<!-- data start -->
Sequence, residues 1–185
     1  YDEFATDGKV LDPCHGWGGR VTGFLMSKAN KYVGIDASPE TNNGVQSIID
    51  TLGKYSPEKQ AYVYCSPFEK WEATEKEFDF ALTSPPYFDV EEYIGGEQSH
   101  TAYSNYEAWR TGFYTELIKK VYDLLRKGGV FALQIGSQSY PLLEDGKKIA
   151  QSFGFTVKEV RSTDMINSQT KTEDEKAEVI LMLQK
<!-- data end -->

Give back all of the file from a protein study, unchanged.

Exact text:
Sequence, residues 1–185
     1  YDEFATDGKV LDPCHGWGGR VTGFLMSKAN KYVGIDASPE TNNGVQSIID
    51  TLGKYSPEKQ AYVYCSPFEK WEATEKEFDF ALTSPPYFDV EEYIGGEQSH
   101  TAYSNYEAWR TGFYTELIKK VYDLLRKGGV FALQIGSQSY PLLEDGKKIA
   151  QSFGFTVKEV RSTDMINSQT KTEDEKAEVI LMLQK